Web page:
Patrick’s major retirement project is to walk the length of the UK coastline to see the geology between the known haunts and to celebrate the magnificent coastline and visit the many communities that felt left behind and to put something back into them.
This project has been the inspiration of many a poem including the “Midland Valley of Scotland” and “Industria Cumbria”.
The latter poem is Patrick’s first published poem (New European, March 2020) and is dedicated to Kenneth White, founder of the International Centre of Geopoetics.
Some word on coastal walking from Kenneth White, regarded as the founder of geopoetics:
"While walking the coast, while moving among the mountains,
with eye open for the flight of a ptarmigan, or a glint of sunlight on a loch,
I was reading all the pertinent books I could get my hands on,
looking both for information and for elements of a writing.
The blue booklets of the British Regional Geology were constant companions.
So, I keep walking the long coast, with all kinds of work in progress, making for a livelier and more enlightened world."
Kenneth White, quoted by the International Centre of Geopoetics in its article
"The Atlantic Shore — A letter on the origins of geopoetics".
Source: Paul Meldrew (flickr CC)
The sea has long been an inspiration for poets, and that inspiration continues to the present day. Simon Armitage, poet laureate, recently published his second "long-walk" book, "Walking Away", describing his experience of walking the South West Coast Path.
Simon Armitage at Appledore, walking the South Coast Path (Source: The Guardian)
Patrick is walking the entire UK coast, in stages. He hopes to have completed the journey by 2026. The map below will be updated as his completed further sections of the walk.
Patrick's Coastal Walk (work-in-progress!)
Patrick's grandfather, Rex, was a headmaster in Purbeck, and used to take pupils to swim in the sea at a location known as "Dancing Ledge". Dancing Ledge is close to Worth Matravers where Patrick learned to swim, and close to the start in 2016 (and intended finish in 2026) of Patrick’s Coastal Walk. It is referred to in his poem "Wild Swimming" on this page.Here is a photo of grandfather Rex Corbett teaching boys to swim in the man-made pool at Dancing Ledge.
Grandfather Rex at Dancing Ledge (PC)
John Betjeman also wrote a poem about Dancing Ledge, Hearts Together, an extract of which is given below:
Hearts Together (extract)
How emerald the chalky depths
Below the Dancing Ledge!
We pulled the jelly-fishes up
And threw them in the hedge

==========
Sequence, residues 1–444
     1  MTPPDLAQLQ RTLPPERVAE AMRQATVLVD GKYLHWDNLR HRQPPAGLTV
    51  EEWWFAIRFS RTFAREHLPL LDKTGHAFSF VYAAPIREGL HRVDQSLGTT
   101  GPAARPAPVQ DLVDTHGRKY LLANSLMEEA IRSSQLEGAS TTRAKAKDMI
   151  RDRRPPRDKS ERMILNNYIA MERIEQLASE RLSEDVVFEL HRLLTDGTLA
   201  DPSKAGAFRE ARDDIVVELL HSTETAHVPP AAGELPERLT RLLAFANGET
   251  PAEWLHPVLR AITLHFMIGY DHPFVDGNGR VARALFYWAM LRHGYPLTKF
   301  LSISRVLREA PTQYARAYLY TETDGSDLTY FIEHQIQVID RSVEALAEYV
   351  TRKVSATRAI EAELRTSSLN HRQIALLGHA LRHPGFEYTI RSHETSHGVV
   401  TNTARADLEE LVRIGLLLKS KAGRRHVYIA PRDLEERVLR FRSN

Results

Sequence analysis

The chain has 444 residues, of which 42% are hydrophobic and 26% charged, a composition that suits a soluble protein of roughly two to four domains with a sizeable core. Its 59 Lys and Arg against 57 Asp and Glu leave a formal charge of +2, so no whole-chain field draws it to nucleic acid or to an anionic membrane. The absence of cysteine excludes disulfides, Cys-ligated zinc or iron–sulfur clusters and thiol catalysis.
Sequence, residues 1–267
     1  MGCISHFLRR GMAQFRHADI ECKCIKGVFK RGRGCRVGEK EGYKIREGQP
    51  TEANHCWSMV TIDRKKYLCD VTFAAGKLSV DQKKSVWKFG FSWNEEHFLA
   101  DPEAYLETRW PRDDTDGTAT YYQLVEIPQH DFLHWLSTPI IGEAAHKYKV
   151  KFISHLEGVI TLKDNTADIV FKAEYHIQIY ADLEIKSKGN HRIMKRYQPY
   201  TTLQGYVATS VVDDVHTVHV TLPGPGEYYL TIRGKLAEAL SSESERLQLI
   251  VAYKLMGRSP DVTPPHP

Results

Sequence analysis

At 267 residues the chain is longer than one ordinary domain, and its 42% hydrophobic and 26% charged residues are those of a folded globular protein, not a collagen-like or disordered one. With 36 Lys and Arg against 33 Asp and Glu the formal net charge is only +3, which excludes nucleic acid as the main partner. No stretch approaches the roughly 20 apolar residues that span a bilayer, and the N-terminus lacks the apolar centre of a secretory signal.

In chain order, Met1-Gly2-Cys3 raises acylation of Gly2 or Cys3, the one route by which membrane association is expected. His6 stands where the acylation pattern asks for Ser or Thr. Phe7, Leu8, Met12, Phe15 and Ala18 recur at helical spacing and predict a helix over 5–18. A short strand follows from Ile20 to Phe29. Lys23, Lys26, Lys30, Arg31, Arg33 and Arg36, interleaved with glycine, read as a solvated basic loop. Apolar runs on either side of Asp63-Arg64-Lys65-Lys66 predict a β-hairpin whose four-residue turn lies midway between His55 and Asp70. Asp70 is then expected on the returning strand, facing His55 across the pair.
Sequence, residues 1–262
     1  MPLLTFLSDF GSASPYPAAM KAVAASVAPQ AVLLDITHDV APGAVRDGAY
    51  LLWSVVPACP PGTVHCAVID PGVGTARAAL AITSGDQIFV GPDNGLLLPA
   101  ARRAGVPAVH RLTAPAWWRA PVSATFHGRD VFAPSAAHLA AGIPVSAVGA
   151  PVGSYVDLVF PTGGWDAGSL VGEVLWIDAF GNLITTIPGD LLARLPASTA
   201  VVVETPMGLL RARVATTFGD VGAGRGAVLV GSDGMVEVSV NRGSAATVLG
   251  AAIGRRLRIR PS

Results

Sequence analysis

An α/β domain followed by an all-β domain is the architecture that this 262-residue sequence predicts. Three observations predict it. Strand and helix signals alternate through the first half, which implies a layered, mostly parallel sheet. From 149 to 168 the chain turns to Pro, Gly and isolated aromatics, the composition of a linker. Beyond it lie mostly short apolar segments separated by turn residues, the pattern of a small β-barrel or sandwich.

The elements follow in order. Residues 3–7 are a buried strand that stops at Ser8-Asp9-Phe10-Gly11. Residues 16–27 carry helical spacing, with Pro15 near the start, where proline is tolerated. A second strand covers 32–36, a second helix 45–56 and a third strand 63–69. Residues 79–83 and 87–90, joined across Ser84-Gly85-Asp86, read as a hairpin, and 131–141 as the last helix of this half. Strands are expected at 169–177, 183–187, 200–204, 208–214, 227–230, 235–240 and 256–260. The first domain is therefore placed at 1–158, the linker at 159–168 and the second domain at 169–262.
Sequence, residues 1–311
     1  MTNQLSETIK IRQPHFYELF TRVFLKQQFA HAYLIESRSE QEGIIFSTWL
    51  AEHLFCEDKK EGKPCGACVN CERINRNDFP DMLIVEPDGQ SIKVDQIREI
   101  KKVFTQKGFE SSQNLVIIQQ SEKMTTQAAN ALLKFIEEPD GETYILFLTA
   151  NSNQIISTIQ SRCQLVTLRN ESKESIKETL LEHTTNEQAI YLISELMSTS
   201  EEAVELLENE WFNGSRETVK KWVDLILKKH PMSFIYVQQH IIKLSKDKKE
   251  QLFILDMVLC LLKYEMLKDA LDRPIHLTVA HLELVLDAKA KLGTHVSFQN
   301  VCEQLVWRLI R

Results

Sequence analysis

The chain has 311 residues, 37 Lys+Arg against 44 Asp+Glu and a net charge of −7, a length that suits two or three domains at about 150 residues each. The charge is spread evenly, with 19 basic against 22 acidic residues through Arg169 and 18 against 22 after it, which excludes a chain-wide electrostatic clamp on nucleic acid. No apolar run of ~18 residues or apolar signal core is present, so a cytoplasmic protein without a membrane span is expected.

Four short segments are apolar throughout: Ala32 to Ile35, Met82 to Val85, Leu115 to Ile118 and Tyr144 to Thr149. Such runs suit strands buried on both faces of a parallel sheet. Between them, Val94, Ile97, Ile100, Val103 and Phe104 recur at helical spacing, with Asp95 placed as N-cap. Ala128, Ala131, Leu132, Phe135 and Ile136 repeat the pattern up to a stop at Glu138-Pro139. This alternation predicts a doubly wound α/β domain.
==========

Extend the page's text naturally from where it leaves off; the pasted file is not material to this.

(from "Nip in the Air" collection)
It all began at Dancing Ledge,
where Rex had the pool blasted,
long before we all graduated to “the big sea”,
out from the baby ‘Lobster Pool’
Wild swimming sets you free.
Nothing beats being in the sea.
Whether Winspit or Seacombe,
every year, back we come
To stand on the edge;
To dive in from a ledge;
To jump up high from a rock:
It takes your breath away
Who were Chapman and Pier?
Of Pool and Bottom fame.
What’s hidden in these names?
We can only muse and wonder
Brazilians have their Ipanema Beach,
we have Purbeck’s hard rock culture:
‘Não minha praia’ they say today;
‘Like the Mappin Terraces’ we said in Dad’s day
The sea’s phosphorescence
draws in local adolescents.
Skinny-dippers down from the Square,
of night-time dangers, blissfully unaware
Deadman’s Stile and Cannon Caves
recall tragedies beneath the waves
‘He loved the birds and green places…..’,
the chiselled epitaph to the unforgiving Races
Swimmers, go in, do your best,
free to strike out and find your path,
dive and make for your own ‘far rock’
and look back with the novice’s pride
From summers (19)76 and (20)18
whose golden memories
captured in those three last swims
Of bliss, bliss, and bliss
Source: Liz & Johnny Wesley Barker (flickr, CC)
Everything seen through green haze
Reflecting Workington-man's gaze
In Corkickle your lickspittle
Sounds doable and magical
Walking out north from Whitehaven
Picking up White's coastal path
On the edge of Wordsworth country
Another epic history
Wind today making energy
But where is the bright sunshine
Like they promised us on the red bus
No regret says Derwent egret
Perhaps he'll return to Europe
The whitest migrant of them all
This poem was written on Brexit Day, 31st January 2020, and was published in The New European.
It is dedicated to
who lives in Brittany.
Like a crystal in the sky above us
Scotland’s central rhombus
maps from Port Glasgow to Stonehaven,
to Siccar Point and down to Girvan
The Carboniferous rift valley plain,
with margins of red Devonian,
pierced by intrusions of Arthur’s Seat,
Berwick Law and the Heads of Ayr
The Highland Boundary Fault
traps coal seams and oil shales,
with ribs of fluvial building stones,
parallel to the Southern Upland Fault
The isostatic raised beaches,
now all caravans and golf courses,
once proud ice-sculpted terrain,
scoured out by gravity and frozen rain
Majestic Firths of Clyde and Forth,
supported by Rivers Tay and Irvine,
draining Uplands and Highlands.
No shortage of water; Adam’s wine.
What would Scotland be
without this hidden gem:
fertile, productive, resourceful?
The rocks - not just the people.
Source: Flow Anders (flickr, CC)